These days when Janey Frost considers the concept of revitalization, the journey her church has taken over the last several months is the lens through which she filters the idea.
And what Janey has come to realize is that revitalization involves much more than meets the eye.
West Pensacola Baptist Church, where Janey serves as worship and women’s ministry leader, is a small church in a lower socio-economic area. Over the past few years, the church has been in decline and struggled to keep its doors open. As membership and tithes continued to decrease, church leadership knew it was time to embrace revitalization in a very real way. And the Lord provided the church the perfect opportunity to do it – and for His glory to be revealed – through an old run-down metal building.
Janey described the 8,000 sq. ft., metal building as the hub of the church, housing the church office, fellowship hall and kitchen. Over the years, Janey said the building began to sag, shift and sink until one day, they decided to find out just how much it would be to build the structure back up and keep it habitable.
“Our insurance wasn’t willing to take care of it,” she said. “It would take almost $100,000 to have concrete pumped up under it and that still wouldn’t fix everything.”
There was no extra money for such a repair and the church decided revitalization would start with making this change. In order to streamline ministry and expenses, they decided to move the office, fellowship hall and kitchen into another smaller building on the property that was used for Sunday school. By getting rid of things they no longer needed, they would have room to fit cozily inside the smaller building and let go of the metal one.
“We’ve been trying to hang on to the old,” she said. “God showed us we needed to make changes for the Kingdom.”
Janey said that almost as a joke, they began to ask God to take the building down for free after receiving demolition estimates between $30,000 – $50,000.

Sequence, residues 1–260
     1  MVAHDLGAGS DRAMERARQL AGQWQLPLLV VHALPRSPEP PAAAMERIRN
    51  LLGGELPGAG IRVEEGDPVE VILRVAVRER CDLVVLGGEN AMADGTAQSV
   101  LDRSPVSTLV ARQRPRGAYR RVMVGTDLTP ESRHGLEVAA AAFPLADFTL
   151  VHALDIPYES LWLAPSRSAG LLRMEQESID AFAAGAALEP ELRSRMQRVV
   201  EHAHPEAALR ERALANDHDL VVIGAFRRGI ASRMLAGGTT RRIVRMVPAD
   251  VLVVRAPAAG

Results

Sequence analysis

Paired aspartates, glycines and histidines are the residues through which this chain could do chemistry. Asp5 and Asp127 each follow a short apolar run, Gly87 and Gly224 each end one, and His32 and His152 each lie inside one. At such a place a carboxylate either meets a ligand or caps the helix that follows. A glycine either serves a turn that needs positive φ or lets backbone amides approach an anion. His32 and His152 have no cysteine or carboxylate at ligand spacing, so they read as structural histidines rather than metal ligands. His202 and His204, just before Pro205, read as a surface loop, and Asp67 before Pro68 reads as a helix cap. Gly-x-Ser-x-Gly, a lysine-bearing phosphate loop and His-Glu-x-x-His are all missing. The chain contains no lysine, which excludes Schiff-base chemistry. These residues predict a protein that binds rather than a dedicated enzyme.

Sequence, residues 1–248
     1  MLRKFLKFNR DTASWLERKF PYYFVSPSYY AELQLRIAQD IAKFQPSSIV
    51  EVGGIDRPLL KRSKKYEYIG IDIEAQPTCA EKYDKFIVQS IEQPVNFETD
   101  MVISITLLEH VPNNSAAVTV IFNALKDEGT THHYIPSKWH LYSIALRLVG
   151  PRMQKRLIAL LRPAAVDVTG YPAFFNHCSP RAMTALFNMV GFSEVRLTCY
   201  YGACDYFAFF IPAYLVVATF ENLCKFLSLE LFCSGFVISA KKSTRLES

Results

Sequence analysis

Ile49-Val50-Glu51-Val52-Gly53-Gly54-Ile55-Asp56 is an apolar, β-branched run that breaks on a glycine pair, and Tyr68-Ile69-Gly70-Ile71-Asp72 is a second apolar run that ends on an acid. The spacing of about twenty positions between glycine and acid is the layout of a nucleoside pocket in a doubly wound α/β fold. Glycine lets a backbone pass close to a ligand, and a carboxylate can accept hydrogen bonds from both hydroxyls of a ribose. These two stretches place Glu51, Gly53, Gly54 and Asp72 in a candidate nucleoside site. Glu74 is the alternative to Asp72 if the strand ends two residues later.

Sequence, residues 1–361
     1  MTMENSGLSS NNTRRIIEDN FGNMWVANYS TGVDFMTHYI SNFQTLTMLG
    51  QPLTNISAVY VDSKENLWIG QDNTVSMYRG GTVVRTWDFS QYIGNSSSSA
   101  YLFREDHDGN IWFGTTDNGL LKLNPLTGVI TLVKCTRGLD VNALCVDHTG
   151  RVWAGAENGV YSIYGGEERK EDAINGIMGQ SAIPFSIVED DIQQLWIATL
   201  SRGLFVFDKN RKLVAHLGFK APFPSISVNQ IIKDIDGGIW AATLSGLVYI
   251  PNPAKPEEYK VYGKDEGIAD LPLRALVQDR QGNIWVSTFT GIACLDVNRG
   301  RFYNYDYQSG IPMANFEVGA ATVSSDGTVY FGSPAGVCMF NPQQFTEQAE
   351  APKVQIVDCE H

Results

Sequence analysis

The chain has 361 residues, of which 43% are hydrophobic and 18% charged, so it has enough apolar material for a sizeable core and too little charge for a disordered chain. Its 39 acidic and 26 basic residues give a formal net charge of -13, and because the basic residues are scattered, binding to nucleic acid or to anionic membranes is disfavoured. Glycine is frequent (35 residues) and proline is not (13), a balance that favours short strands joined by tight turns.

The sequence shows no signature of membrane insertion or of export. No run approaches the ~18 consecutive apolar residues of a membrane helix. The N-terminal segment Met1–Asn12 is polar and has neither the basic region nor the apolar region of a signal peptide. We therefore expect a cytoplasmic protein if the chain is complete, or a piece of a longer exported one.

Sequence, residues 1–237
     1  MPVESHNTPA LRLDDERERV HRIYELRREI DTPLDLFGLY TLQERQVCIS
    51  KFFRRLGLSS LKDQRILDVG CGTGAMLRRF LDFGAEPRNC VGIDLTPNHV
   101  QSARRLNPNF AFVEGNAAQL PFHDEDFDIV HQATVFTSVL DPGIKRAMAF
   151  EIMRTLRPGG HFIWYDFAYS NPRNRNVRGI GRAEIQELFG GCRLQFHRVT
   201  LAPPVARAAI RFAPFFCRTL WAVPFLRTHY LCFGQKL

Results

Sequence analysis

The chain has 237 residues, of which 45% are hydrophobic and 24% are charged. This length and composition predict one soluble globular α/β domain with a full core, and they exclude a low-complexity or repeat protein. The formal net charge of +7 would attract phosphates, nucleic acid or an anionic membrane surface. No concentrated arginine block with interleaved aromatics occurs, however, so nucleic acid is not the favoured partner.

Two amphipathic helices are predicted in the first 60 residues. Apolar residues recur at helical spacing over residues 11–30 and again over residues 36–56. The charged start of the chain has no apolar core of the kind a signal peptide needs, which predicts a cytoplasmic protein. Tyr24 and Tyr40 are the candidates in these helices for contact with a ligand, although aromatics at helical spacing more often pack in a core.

“It was the perfect storm of horribleness,” she said.
Until one day help arrived in the form of a past member who knew of their dilemma and offered a solution. He said he had some friends who volunteered with Florida Baptist Disaster Relief who might be willing to help disassemble the building. When those volunteers came and sat with church leaders, they immediately jumped on board and demolition began within a week.
That was only the beginning of how God answered their prayer.
A Christian businessman in town saw what was happening at the church and offered to loan them the equipment they needed for free, even coming out to do a little work himself. In exchange, the church allowed him to keep some of the scrap metal and in turn, he gave a donation to the church. That scrap metal went even further because each week as workers turned it in, they would come back with checks for $100 each time.
“It’s been amazing,” Janey said. “We know revitalization isn’t about construction but God started changing our hearts as we looked at our property as our hearts.”
Janey said God has used this long and difficult process to change not only the outward appearance of the church but the inward motivations and desires of its members. She said when they truly got to the place where it was all or nothing, they asked themselves an important question: “Why are we here in this community if it’s not to reach these lost people?”
Janey knows there are other small churches around our state faced with similar circumstances and afraid of what may happen next. West Pensacola Baptist has learned that with enough faith, the amount of the resources you have doesn’t matter.
“We asked God for the impossible and He’s doing it and we know God has us here because He keeps showing up,” she said. “God still does impossible things but you have to give him what you have.”
“It doesn’t have to be enough – He says, ‘Give me what you do have and I’ll be enough.’”
By Nicole Kalil, Florida Baptist Convention, May 1, 2018